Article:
Saturday, December 6, 2008
WHY DO WE NOT HAVE BETTER SYSTEMS?
Why can't we have better systems?, is a question most frequently asked by educated Indians out of sheer frustration at the way our systems function. Some of these educated Indians have been exposed to better systems in the west, and others have seen or heard about them in the media. Well, one thing is clear - we all agree that we need better systems. How do we get there is the next obvious question.
I believe, at the macro level there are two aspects to a system - the first is the most obvious, the design and implementation of the system and the second is the most important - the public acceptance of the system. We as a people generally show total apathy to any system, while living in India. I have seen Indians abroad meticulously follow all systems but once in India they tend to get back to their usual way. Their reasoning is that everyone else is doing it, so why not me? My question is 'what is the use of your exposure to better systems if you cannot help others less fortunate benefit from your experience, by leading the way'. What do I mean by this?
Let me start with an example. Lets take a mundane system like traffic lights. I live in Chennai and travel to other parts of the country too. The situation that I am going to describe is very nearly similar in all our cities. The traffic light system is installed to ensure that the traffic can flow smoothly & efficiently, and also to prevent accidents. In Chennai, I find that the traffic lights are world class with the added feature of time left for the light to change in a large LED display at most prominent cross roads. What is probably a design flaw is that the lights donot take into consideration the amount of traffic coming in from a particular direction, at various times of the day, leading to the red or green light remaining on for a period longer than required by the traffic. This problem is generally overcome by the traffic policeman controlling the lights manually depending on the quantum of traffic, specially during rush hours.
The other problem is that the lights continue with their red, green and amber pre-programmed sequence even during periods of minimal traffic, specially during the night hours. This causes most motorists to 'jump the light'. This is not desirable. All of us are aware of this part. Each one of us must have designed systems for our organisations or home. Did we take the time to study the specifications that the system should meet? Did we followup to ensure that the system is/ was periodically upgraded, depending on the usage pattern?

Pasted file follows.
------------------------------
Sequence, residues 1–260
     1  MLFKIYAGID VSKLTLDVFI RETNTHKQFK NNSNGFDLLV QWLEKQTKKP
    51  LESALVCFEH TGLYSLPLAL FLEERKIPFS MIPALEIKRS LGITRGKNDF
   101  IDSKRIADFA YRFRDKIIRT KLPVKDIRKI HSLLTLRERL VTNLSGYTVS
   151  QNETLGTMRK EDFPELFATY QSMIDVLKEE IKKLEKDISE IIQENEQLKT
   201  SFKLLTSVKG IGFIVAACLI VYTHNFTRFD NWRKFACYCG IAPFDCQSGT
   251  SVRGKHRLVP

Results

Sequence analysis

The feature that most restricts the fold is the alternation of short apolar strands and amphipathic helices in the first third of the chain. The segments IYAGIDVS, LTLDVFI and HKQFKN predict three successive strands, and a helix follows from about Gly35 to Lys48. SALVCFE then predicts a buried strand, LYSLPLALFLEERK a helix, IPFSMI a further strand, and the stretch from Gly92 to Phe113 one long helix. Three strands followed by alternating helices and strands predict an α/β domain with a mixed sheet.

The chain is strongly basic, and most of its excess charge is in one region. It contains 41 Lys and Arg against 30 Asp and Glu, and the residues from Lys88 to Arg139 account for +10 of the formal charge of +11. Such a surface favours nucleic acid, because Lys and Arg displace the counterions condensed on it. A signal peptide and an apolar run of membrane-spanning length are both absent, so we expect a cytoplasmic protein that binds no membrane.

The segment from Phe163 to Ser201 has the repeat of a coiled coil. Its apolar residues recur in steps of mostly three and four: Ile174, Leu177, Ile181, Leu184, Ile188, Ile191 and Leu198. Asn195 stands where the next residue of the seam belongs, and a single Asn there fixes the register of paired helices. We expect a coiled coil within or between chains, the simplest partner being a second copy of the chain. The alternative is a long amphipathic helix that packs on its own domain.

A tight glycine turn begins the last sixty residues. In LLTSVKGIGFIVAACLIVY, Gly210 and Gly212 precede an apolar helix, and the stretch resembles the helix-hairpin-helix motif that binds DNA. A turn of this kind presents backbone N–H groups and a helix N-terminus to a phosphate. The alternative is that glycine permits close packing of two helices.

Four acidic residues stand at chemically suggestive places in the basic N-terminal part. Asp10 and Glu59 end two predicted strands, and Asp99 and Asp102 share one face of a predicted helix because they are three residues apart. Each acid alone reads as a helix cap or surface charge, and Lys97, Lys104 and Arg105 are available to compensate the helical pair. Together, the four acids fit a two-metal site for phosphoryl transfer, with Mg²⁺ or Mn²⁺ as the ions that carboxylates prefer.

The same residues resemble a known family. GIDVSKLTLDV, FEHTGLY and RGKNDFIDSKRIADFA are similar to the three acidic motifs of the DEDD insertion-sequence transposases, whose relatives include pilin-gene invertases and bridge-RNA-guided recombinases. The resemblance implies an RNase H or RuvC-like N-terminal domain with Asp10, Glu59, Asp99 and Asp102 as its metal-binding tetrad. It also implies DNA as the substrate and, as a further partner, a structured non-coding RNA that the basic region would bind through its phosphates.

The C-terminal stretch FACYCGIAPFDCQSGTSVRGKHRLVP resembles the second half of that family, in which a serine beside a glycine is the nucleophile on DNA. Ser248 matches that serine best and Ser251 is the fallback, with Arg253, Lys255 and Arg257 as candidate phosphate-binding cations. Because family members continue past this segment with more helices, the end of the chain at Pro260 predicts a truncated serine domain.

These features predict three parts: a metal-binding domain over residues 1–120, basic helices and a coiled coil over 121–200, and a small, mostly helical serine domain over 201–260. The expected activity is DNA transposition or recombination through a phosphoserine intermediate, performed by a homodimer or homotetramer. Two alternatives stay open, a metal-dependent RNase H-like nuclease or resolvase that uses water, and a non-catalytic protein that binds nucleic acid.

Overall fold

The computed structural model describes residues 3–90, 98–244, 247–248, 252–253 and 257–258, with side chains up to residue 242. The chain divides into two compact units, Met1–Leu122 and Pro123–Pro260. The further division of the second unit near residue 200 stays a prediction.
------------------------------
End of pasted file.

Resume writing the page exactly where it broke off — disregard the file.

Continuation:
However, the other part is the more important and that is - how does the public respond to this system. Many a times I have been honked at, yelled at, while waiting at a red traffic light, sometimes by illiterate drivers, and sometimes by educated people. I never jump a traffic light. My family and friends joke about this and tell me that one day I am going to be run over by some one, while waiting for the light to turn green. I don't wish to change. I believe systems are made to be followed because otherwise no system will function, and we can keep complaining about the systems. I can reluctantly understand the illiterate driver honking, but find it absolutely ridiculous when educated people behave similarly. I thought education should help one understand things better, and also help one provide leadeship to our fellow citizens who are less fortunate than us. There are many nuances of how we jump the lights but that is not relevant to this post. There are many other systems like forming a queue - how many of us follow the queue - wait for our turn. These are just two mundane examples of systems in our daily life that we donot follow. There are many more besides these. However, to answer the question.
A system can only be as good as it's design and it's implementation, BUT more importantly, it can only function if we the people follow the system - whatever it be. In case the system does not meet the needs for which it is designed then as concerned tax paying citizens we need to take action to ensure that it is fixed, BUT short cutting the system is not prudent or desirable if we want to have better systems. Also, the more fortunate of us have to take the lead to instil public confidence in the systems that WE educated employed people have created, so that all citizens and our country benefits from better systems. It could be any system - the political system, the economic system, or the simple queue.